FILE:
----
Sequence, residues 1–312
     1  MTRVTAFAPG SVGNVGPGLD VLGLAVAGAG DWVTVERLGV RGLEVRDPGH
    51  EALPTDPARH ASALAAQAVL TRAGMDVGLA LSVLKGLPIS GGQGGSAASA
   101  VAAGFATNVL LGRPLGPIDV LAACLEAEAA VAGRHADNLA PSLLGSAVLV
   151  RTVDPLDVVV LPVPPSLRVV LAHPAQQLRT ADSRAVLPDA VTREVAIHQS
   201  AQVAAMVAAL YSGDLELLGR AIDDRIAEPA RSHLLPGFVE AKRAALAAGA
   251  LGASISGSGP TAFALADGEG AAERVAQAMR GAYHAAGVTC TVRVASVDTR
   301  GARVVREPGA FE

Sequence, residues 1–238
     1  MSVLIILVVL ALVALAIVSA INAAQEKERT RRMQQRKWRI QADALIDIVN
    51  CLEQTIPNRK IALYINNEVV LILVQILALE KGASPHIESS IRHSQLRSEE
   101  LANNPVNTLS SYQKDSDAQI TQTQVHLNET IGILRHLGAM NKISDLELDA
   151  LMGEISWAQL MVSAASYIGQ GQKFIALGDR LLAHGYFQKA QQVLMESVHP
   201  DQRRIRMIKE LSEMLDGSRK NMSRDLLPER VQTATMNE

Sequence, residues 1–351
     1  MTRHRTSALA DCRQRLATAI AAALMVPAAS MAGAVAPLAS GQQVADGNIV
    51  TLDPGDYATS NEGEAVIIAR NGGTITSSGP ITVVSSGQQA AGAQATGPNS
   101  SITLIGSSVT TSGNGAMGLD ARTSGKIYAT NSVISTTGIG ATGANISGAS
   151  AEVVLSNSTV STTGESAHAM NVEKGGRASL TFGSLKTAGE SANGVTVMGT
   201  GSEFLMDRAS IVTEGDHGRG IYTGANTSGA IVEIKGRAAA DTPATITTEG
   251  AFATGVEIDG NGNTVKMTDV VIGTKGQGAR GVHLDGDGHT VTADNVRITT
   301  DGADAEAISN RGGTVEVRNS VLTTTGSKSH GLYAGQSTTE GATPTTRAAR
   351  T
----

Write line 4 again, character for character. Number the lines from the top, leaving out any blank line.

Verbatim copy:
   101  VAAGFATNVL LGRPLGPIDV LAACLEAEAA VAGRHADNLA PSLLGSAVLV